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Not long ago there was news of research claiming to show that social anxiety disorder and shyness are not synonymous. Apparently there was still some kind of confusion. This being the case, I thought it might be a useful to translate a number of Pseudo-Medical terms back into the plain everyday speech.


It was my understanding that we might be able to clear up a lot of misunderstanding about these terms if we put each them into the simple sentence: A person with ______ is a person who _____s, and so that is what I’ve endeavored to do.


A person with Oppositional Defiant Disorder is a person who rebels.

A person with Conduct Disorder is a person who misbehaves.

A person with Attention Deficit Hyperactivity Disorder is a person who is disinterested and distracted at study or on the job.

A person with Intermittent Explosive Disorder is a person who expresses road rage.

A person with Generalized Anxiety Disorder is a person who worries.

A person with Social Anxiety Disorder is a shy person who worries.

A person with Depressive Disorder is a person who is unhappy.

A person with Separation Anxiety Disorder is a person who clings.

A person with Seasonal Affective Disorder is a person who is unhappy during the holidays.

There are no drugs to treat shyness. On the other hand, if a person goes to the doctor and the doctor says that this person has social anxiety disorder, the person can receive a prescription for a benzodiazepine, the same drug used in the treatment of general anxiety disorder. This drug, if one was wondering, provides a punch equivalent to the taking of a couple of drinks of an alcoholic beverage, and it is credited with having the power to transform a wallflower into the life of the party. Like alcohol, the drug is addictive.

If a person is unhappy, and the person goes to a doctor, the doctor will in all probability prescribe an SSRI antidepressant for that person. Antidepressants do considerably less, and yet they are still credited with making people more content with themselves.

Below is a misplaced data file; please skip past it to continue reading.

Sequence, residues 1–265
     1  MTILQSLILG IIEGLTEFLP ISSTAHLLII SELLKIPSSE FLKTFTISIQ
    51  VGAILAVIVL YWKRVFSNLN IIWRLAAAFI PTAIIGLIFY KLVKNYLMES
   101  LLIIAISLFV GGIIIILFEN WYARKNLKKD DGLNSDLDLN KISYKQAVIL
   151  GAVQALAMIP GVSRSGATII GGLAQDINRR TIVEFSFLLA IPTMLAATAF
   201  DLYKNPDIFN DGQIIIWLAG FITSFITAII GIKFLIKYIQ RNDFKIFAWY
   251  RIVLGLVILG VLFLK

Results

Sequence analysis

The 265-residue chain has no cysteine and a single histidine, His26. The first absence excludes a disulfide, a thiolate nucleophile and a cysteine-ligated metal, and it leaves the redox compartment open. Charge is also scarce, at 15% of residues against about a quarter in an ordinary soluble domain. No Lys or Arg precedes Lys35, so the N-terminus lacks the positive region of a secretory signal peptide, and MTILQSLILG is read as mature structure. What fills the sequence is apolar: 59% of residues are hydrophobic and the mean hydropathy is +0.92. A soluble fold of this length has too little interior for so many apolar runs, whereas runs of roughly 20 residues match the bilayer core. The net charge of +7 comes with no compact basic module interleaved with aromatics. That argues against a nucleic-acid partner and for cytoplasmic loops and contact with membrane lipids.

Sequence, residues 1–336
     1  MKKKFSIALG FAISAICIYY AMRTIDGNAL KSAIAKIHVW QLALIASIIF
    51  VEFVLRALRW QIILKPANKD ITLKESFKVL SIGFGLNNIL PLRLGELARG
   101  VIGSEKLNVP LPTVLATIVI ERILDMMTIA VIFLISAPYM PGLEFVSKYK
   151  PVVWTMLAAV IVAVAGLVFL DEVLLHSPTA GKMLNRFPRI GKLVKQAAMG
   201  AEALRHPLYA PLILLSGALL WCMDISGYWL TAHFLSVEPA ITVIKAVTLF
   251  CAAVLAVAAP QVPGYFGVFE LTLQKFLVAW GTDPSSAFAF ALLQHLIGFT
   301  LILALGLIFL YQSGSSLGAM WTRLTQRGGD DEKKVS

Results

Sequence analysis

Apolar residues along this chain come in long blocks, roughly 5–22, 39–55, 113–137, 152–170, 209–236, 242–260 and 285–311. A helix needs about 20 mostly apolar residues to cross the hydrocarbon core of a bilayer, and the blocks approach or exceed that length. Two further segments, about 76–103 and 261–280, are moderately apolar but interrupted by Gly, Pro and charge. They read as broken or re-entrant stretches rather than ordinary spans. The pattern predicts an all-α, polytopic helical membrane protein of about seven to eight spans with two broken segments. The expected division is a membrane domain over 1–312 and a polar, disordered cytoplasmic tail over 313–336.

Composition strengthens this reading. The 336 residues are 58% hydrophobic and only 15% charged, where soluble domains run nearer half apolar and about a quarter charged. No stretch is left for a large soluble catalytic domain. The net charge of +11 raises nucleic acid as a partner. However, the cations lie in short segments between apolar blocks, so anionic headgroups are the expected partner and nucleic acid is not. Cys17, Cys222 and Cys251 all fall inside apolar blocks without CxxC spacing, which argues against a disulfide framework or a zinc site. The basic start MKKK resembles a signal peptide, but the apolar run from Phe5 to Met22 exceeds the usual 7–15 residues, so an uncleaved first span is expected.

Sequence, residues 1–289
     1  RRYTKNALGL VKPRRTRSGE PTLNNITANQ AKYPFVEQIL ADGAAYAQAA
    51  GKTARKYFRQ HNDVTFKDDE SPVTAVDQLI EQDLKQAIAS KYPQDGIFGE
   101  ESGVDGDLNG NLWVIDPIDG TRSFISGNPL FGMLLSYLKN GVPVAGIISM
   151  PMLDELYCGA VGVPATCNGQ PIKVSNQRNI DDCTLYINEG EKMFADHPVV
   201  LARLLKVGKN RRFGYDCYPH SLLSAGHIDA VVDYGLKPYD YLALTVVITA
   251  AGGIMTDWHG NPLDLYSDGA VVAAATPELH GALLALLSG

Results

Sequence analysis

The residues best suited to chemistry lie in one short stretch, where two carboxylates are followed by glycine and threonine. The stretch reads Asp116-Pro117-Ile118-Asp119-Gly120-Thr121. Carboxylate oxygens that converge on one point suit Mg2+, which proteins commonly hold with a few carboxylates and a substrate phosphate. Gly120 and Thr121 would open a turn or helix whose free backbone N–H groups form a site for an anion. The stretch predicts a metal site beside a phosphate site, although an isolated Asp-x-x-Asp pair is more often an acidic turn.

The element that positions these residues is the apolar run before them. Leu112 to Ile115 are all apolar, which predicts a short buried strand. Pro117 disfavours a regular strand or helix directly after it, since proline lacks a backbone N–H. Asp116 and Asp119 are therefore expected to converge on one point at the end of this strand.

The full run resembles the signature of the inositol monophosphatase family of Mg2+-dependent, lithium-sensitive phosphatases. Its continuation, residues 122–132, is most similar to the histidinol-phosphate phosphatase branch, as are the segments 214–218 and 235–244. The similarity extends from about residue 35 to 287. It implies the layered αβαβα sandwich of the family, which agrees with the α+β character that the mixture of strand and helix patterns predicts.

The problem we have here is that if a person goes to a doctor because they are unhappy, or if a person goes to a doctor because they are shy, all the person is going to get out of the experience is a bottle of pills. Alright, fine and dandy so long as shyness and unhappiness have nothing to do with what is going on, or not going on, in a person’s life. According to the doctor all you need is a bottle of pills. If you need anything else, I suggest you consult somebody in another profession.


Let’s review what we’ve learned today.


Pseudo-medical Jargon

1. Oppositional Defiant Disorder

2. Conduct Disorder

3. ADHD

4. Intermittent Explosive Disorder

5. Generalized Anxiety Disorder

6. Social Anxiety Disorder

7. Depressive disorder

8. Separation Anxiety Disorder

9. Seasonal Affective Disorder


Plain English

1. Rebellion

2. Misbehavior

3. Disinterest and distraction

4. Road Rage

5. Worry

6. Shyness mixed with worry

7. Unhappiness

8. Clinging

9. Holiday blahs


The good news is that no one need take a pill for the Plain English version.

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